some young people do submit to the authorities and the threat of punishment.
Given the gap shown to exist between copyright law and social norms, there are likely
negative and unconsidered consequences of the enforcement strategies. Legal enforce-
ment of a copyright regulation that does not correspond with social norms risks working
as a stimulus to counter-measures. Given the generativity of the technologies of online
communication in networks, these counter-measures may imply an increased diffusion
of techniques of online anonymization. This means that the legal enforcement of copy-
right not only risks undermining public confidence in the legal system in general, but
also facilitates the diffusion of technological knowledge that will undermine legal
enforcement in general when it comes to computer-mediated crime (Larsson and
Svensson, 2010).
The laws of society comprise and rest upon the social norms that we as a collective
express through our actions. This does not necessarily imply that the law must be pre-
ceded by social norms that already exist. Legal history offers many good examples of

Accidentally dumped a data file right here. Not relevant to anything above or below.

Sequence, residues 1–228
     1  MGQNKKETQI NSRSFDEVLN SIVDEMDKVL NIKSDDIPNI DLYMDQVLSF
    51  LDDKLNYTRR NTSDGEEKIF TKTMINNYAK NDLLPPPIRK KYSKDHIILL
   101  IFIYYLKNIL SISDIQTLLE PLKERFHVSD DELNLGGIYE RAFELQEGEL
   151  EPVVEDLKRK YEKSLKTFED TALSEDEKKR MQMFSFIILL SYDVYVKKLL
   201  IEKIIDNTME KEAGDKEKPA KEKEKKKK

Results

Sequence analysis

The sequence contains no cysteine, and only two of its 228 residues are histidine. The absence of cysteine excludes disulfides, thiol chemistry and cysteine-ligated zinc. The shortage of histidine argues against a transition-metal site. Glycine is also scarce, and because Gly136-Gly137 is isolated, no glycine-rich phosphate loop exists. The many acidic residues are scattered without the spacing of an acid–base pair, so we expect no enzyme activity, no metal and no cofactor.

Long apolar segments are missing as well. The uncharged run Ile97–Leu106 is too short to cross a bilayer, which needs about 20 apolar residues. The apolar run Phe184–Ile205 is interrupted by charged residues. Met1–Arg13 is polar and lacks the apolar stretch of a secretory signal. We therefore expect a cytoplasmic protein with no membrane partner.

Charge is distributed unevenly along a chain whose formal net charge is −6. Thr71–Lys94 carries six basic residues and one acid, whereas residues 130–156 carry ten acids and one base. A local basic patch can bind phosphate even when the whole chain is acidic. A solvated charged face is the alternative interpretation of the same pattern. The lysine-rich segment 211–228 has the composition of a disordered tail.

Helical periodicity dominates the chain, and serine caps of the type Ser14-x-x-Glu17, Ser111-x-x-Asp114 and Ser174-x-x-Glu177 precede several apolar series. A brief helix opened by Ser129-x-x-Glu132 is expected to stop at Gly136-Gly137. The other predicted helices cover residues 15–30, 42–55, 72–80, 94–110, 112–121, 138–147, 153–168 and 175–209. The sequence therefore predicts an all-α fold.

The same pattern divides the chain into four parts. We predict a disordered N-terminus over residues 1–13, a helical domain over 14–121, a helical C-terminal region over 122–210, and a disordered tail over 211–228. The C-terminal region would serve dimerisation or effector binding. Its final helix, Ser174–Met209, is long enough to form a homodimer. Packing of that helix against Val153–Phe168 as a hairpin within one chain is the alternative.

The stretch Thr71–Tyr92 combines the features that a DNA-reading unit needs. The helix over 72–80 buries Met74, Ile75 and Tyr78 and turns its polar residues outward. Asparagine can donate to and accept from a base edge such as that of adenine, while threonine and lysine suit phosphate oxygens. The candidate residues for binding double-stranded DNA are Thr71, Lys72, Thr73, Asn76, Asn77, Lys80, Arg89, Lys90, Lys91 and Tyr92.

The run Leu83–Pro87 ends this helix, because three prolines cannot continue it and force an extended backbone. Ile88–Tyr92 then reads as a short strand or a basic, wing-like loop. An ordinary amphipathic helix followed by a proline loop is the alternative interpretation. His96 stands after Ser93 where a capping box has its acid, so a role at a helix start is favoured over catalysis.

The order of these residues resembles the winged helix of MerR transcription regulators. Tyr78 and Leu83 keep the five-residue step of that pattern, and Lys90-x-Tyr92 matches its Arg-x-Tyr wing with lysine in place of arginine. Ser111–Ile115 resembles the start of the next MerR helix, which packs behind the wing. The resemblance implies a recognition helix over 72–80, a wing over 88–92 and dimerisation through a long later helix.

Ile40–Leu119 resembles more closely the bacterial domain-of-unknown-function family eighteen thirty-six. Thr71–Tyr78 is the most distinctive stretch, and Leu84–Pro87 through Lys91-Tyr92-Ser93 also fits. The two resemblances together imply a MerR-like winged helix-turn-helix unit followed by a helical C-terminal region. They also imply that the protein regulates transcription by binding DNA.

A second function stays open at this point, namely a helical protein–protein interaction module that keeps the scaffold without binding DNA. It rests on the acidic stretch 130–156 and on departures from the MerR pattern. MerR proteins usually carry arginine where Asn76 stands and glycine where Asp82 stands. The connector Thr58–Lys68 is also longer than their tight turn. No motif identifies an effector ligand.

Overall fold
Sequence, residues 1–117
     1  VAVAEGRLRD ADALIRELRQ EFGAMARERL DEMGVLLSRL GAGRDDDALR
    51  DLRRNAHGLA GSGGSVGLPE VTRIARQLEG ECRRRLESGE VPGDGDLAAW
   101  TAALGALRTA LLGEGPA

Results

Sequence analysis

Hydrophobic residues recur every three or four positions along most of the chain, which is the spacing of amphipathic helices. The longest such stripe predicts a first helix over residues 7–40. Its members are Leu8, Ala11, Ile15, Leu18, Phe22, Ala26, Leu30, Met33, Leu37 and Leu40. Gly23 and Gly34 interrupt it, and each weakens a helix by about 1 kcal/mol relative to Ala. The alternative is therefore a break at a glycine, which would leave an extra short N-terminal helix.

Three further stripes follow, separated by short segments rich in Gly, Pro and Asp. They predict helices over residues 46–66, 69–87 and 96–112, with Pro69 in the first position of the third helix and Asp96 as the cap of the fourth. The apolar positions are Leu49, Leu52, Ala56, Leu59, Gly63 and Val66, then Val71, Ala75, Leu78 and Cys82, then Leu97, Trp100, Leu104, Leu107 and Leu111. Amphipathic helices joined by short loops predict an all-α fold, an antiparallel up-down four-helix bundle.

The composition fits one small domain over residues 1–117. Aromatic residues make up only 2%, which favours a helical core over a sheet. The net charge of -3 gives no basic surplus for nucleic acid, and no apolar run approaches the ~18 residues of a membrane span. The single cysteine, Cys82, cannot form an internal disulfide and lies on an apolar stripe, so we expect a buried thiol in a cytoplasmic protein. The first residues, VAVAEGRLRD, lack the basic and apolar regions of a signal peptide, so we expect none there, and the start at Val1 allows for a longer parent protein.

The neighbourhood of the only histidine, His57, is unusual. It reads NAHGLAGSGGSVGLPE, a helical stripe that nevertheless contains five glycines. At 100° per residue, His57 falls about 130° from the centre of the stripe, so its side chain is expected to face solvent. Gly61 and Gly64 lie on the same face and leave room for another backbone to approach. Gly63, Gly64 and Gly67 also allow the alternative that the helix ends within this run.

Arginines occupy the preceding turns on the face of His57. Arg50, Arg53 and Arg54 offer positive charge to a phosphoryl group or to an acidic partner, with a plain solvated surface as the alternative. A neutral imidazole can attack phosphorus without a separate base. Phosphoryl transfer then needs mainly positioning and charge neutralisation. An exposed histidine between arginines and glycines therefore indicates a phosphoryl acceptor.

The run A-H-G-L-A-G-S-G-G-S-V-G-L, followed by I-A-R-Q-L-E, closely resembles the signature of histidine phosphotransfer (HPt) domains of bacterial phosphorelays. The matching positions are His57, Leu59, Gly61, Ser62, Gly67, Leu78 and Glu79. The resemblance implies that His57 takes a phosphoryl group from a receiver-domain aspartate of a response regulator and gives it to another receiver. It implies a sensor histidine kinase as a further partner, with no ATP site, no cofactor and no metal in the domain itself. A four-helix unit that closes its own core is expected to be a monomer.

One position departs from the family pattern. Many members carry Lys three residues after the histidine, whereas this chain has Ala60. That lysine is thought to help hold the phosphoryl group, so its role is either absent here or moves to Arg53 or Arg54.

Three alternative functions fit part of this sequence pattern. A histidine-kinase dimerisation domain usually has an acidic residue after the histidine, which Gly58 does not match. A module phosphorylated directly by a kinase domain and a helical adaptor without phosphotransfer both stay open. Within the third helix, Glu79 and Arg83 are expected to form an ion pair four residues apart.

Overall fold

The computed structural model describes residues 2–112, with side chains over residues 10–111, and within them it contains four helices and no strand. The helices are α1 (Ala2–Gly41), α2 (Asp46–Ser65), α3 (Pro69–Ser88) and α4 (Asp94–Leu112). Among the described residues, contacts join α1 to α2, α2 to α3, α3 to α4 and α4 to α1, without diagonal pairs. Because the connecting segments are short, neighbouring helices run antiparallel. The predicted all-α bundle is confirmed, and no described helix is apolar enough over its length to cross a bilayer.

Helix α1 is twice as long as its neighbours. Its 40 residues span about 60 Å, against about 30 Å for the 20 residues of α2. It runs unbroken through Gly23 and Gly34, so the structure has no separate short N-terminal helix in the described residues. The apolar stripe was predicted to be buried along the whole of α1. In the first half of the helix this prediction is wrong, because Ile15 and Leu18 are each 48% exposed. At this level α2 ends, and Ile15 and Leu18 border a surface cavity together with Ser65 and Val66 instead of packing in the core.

laws that eventually proved successful but were passed in opposition to the prevailing
opinion of the times. The ideas upon which these laws were based gained a foothold in
the public debate and in time changed the social norms. The prohibition in the Parental
Code in Swedish law against the corporal punishment of children by their parents is one
such example, while the same applies to the view of homosexuality in many countries,
where the legislation leads the way.
One of the points of this study has been to provide information as to whether legisla-
tors have been able to narrow the gap between legal and social norms through a variety
of (legal) measures. Considering the results of our study from their perspective, the
results have been disheartening. Despite the intensive efforts of the government during
the six-month duration of the survey period after the implementation of the law, social
support for copyright with respect to file sharing is, at the time of Study 2, still remark-
ably low. The young people who participated in the study do not feel any significant
social pressure to abstain from file sharing, from either the adult world or their peers. As
mentioned, the quantitative approach of this study gives an opportunity to discuss the
file-sharing and copyright issue from a macro perspective, to describe the socio-legal
landscape, and to undertake, for example, before/after studies such as this one. There are,
nonetheless, limitations inherent in the quantitative approach that suggest a need for